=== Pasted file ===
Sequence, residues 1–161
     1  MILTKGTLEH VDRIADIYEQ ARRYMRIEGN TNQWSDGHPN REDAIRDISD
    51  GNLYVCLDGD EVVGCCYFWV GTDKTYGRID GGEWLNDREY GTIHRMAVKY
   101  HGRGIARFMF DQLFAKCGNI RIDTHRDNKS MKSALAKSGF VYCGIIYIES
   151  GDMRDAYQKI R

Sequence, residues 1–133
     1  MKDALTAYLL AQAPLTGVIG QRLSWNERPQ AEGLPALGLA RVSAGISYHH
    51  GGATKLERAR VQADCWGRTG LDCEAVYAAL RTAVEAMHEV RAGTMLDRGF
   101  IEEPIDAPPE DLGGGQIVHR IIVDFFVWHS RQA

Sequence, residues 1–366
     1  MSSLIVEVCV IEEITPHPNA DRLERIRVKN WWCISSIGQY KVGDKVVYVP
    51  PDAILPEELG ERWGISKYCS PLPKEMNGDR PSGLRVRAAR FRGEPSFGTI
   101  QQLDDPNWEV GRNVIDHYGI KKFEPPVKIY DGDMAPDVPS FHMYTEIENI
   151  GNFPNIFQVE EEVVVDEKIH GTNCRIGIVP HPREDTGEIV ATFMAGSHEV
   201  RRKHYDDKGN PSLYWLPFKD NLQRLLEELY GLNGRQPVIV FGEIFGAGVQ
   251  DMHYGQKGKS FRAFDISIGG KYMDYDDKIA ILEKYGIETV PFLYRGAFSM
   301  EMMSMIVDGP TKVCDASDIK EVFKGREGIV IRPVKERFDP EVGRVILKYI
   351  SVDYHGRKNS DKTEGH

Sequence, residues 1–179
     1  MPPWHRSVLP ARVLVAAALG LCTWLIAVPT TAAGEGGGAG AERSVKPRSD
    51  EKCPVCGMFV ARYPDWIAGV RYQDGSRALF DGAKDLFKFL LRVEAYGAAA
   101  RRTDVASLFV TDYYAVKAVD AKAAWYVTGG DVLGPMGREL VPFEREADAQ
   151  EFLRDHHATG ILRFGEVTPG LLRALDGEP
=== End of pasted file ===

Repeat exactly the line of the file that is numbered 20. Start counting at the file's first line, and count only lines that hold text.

     1  MPPWHRSVLP ARVLVAAALG LCTWLIAVPT TAAGEGGGAG AERSVKPRSD